The Amazon Music for Artists team recently announced that artists can now list any available merch on Amazon.com on their music profiles on Amazon Music. Furthermore, artists and managers get expedited access to Amazon's Merch on Demand platform.
The company shared the news in a recent email update to all Amazon Music for Artists users. The move to provide easier access to merch through streaming profiles comes just after the one-year mark of Spotify incorporating Shopify profiles into the platform and after the company also announced merch will be part of the yearly Spotify Wrapped promotion.
Amazon Music's Merch Offerings For Fans
It's not a big surprise the Amazon Music for Artists team has been working to incorporate more and more merchandise into the platform. Since the early days of the platform, Amazon has done a lot of market research with users.
One of the primary recurring questions the company asked artists and managers pertained to offering merchandise to fans directly through Amazon Music. And because the streaming service is directly tied to a company whose primary offering is physical goods, it just makes sense.
So it's welcome, but not surprising, that anybody selling physical merch through Amazon.com can now sync up items with their artist profile. But Amazon Music leaning into its own print on demand service does come as a bit of a surprise.
What Is Merch On Demand?
Amazon's Merch On Demand platform is their own proprietary version of print on demand merchandise. If you don't really know what print on demand is, we've covered it a few times.
But here's a quick primer. Print on demand merch — also known as "dropshipping" — is a way to sell merch without having to purchase the inventory upfront. When you utilize a print on demand service, that piece of merch isn't actually created until somebody orders it.
While shirts are the most popular item to use print on demand services for, you can create a wide range of products, from hoodies and sweatpants to shoes, blankets, backpacks, and even things like clocks. The biggest upside is you as the creator don't pay money upfront to make these things, which means you can test lots of offerings and designs. The biggest downside is that you make less money because the print on demand company takes a cut and the unit economics just aren't as good.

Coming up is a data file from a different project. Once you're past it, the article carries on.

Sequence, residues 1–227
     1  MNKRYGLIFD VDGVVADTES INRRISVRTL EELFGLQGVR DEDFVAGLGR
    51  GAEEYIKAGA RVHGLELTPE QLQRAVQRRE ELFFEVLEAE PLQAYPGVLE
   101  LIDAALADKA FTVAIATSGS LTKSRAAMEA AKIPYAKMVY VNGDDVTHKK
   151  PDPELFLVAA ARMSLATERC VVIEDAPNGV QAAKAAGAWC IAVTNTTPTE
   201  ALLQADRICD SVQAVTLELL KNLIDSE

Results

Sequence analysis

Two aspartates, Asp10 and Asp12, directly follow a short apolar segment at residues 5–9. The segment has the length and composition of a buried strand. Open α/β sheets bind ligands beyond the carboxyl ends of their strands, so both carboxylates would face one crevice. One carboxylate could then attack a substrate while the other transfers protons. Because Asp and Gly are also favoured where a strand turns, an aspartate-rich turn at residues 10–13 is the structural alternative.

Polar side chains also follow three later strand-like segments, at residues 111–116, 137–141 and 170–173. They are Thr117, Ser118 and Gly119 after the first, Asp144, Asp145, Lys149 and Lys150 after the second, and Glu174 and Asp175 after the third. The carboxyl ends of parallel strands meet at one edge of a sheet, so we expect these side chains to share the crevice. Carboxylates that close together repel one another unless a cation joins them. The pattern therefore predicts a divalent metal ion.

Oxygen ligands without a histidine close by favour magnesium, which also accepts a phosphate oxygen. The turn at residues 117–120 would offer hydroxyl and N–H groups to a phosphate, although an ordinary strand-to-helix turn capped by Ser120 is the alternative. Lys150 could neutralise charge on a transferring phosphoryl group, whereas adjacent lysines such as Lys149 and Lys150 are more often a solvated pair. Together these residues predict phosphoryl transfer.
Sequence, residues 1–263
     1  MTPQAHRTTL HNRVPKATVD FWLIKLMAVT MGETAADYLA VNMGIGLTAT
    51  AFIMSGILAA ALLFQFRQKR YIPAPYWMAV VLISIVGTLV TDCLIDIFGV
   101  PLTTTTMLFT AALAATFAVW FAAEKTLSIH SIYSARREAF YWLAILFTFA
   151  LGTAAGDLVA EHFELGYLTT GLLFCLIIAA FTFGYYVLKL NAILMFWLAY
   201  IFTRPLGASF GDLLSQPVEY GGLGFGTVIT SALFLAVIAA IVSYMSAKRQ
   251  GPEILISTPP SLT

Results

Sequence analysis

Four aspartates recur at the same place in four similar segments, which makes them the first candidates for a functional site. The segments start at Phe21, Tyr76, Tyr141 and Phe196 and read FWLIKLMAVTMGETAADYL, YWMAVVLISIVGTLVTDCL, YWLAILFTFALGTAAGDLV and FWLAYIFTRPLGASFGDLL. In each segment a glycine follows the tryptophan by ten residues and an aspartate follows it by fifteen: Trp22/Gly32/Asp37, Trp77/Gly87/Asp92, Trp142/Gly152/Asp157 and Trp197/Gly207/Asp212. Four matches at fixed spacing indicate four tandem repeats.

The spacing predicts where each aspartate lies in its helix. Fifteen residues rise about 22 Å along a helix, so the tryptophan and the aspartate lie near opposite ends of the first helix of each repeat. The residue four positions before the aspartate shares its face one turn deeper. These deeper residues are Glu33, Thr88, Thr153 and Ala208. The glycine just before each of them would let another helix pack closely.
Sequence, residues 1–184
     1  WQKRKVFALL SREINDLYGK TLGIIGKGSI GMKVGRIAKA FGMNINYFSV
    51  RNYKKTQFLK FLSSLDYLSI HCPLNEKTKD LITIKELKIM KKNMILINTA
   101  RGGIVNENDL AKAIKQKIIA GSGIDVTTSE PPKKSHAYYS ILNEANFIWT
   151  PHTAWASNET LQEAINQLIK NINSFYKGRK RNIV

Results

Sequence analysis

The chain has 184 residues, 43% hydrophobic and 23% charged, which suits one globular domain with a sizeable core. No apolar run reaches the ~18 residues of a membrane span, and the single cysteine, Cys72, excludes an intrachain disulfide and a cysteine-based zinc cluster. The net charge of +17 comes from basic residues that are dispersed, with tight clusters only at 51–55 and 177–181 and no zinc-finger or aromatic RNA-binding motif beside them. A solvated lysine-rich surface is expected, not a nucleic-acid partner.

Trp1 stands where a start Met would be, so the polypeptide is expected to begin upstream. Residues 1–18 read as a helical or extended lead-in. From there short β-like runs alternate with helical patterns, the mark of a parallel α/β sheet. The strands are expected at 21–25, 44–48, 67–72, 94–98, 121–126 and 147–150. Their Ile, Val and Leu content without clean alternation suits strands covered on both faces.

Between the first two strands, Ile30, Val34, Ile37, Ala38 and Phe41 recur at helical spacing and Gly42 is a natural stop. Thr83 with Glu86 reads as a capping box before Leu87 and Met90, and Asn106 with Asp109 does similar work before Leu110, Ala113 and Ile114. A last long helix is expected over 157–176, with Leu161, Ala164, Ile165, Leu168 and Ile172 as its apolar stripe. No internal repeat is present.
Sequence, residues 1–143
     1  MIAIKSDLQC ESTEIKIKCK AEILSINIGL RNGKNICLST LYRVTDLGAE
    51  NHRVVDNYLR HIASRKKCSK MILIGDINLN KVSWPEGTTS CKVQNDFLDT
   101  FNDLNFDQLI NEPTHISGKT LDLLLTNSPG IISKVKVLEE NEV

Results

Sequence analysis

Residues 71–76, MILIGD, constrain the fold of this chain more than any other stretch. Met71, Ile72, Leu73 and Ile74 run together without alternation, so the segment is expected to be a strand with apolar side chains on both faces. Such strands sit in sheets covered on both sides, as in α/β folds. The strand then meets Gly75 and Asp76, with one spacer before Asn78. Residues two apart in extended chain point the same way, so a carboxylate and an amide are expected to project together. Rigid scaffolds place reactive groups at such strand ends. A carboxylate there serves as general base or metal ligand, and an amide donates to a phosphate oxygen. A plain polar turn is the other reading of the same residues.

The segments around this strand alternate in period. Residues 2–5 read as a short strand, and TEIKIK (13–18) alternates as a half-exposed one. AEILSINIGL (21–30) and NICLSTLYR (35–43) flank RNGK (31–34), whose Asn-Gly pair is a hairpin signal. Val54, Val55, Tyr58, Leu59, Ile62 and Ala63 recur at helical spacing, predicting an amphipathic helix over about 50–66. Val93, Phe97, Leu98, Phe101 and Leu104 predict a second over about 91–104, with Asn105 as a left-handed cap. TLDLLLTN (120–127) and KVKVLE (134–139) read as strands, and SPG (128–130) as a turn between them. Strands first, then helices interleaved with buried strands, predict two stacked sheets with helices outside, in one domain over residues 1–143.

So while you may be able to make 500 shirts for $5 a piece and sell them for $20 a piece — netting yourself $15 of profit for every shirt — with print on demand it may cost you $12 to make one shirt, so you only net $8 in profit. But then again, you didn't just pay $2,500 to make 500 shirts you hope you can sell.
So Is Using Amazon Music's Merch On Demand Integration Worth It?
There's a big difference between Spotify for Artists' merch integration and Amazon Music for Artists' merch integration. With Spotify, you're really just connecting your Shopify store. And that means you have dozens, if not hundreds, of options for print on demand providers.
But with Amazon Merch On Demand, you're pretty much locked into what they'll pay you. And right now, the money you get paid when you sell merch through Amazon Merch On Demand frankly is just not that great.
For instance, a $19.99 t-shirt sold through Merch On Demand would pay you only $5.23. That's on the very low end for print on demand and also doesn't give you opportunities to do things like upsell, bundle, or recoup money on shipping. There also just aren't that many product options for Merch On Demand.
What it does do, however, is make it incredibly easy to offer merch globally to your fans. If you're not particularly excited about the prospect of starting your own Shopify store, Merch On Demand may be a viable option. But it's unfortunate that you'll need to have separate stores entirely to offer merch through Spotify and Amazon Music.
What About Selling Merch On Amazon?
If you've already got a more advanced merch operation in place, selling products through an Amazon profile may be the way to go. Now that your Amazon.com products can appear on your Amazon Music profile, it makes offering things like vinyl records and bigger ticket items a lot easier.
Selling on Amazon is a lot similar to having a Shopify store. You pay a monthly fee to have your products listed on Amazon. You get to create more of a customized presence (though nowhere near as custom as Shopify). And ultimately, you have more control over what you can sell, whether it's print on demand or not.
The biggest thing Amazon has that Shopify doesn't, of course, is browsing shoppers. When your stuff appears on Amazon, there's a decent chance people will end up on the page just through search results or recommended products. Then again, those kinds of results may not be as applicable to you as a seller, depending on what you're selling.
But if $40 a month (plus fees) and maintaining multiple online store profiles doesn't scare you, it's a small price to pay to get your merch directly in front of the growing Amazon Music audience.